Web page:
Manner of Disputing Amount of Security for Res

Under the Limitation of Liability Act, a ship owner can limit his liability to the value of the vessel and its freight.  After completion of proper procedures by the ship owner, the court notifies all potential claimants to file any claims against the ship owner in admiralty court within a specified period of time.[i]  The claimant can then dispute the value placed on a ship and its freight by a ship owner.  But the claimant must follow the procedures prescribed under Supplemental Admiralty Rules.  According to Supplemental Admiralty Rules, subsection F(7), the claimant can file a motion demanding that the funds deposited or the security for res given to the court by the ship owner must be increased on the ground that they are less than the value of the ship owner’s interest in the vessel and freight.[ii]  The court must then assess the value of the ship owner’s interest in the vessel and freight.  If the deposit or security given by the ship owner is insufficient or excessive, the court will order for its increase or decrease accordingly.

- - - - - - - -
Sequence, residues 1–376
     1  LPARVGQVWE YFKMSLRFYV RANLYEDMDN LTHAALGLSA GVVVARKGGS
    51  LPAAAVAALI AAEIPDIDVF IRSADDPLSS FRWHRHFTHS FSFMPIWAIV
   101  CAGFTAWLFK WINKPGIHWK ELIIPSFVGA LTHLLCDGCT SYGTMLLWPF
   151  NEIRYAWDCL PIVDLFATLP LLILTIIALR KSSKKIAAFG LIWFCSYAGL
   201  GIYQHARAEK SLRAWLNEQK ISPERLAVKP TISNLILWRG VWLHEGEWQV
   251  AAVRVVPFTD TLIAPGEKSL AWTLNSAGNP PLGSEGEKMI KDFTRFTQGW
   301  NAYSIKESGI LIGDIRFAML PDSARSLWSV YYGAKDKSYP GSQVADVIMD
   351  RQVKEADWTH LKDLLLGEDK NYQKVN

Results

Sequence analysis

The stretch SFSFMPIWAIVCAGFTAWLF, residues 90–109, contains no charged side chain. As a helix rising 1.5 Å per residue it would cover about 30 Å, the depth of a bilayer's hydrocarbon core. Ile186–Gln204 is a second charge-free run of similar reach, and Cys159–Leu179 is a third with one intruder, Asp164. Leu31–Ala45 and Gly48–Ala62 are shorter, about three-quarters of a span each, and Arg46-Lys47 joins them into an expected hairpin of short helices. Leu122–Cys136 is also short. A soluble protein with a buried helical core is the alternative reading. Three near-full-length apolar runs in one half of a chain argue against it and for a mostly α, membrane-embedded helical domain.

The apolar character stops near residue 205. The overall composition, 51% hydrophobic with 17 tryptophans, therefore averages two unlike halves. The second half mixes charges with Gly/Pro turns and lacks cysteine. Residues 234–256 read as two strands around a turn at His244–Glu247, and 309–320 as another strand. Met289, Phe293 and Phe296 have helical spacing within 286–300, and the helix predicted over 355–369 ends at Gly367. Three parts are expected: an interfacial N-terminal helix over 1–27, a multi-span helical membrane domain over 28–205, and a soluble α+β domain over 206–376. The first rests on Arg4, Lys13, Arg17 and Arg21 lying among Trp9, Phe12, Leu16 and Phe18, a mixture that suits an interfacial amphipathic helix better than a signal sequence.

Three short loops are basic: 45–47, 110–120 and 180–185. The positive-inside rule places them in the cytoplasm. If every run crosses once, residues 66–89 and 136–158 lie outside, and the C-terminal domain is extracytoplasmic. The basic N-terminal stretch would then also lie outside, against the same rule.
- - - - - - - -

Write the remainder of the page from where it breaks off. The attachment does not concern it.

Similarly, the claimant can also demand the increase in deposit or security on the ground that it is insufficient to carry out the provisions of the statutes relating to claims in respect of loss of life or bodily injury.  In this respect also, a court can review the deposit or security and order for its increase or decrease accordingly.[iii]  The rule therefore clearly ignores the claimant’s right to challenge the other party’s valuation and provides a procedure whereby the claimant must exercise that right.[iv]  The supplemental admiralty rules do not prescribe a time limit for filing motion for increase of deposit or security by the other party.

If the claimant does not comply with the provisions of the supplemental admiralty rules, the court can order him/her either to comply with the provisions or to concede the value placed on the vessel and the freight by the other party.

[i] Ventura v. Barge Morania No. 400 (In re Dredging Equip.), 851 F. Supp. 172, 175 (E.D. Pa. 1994)

[ii] USCS Admiralty and Maritime Claims R F

[iii] Id.

[iv] In re Vessel Club Med, 90 F. Supp. 2d 550, 555 (D.N.J. 2000)


Inside Manner of Disputing Amount of Security for Res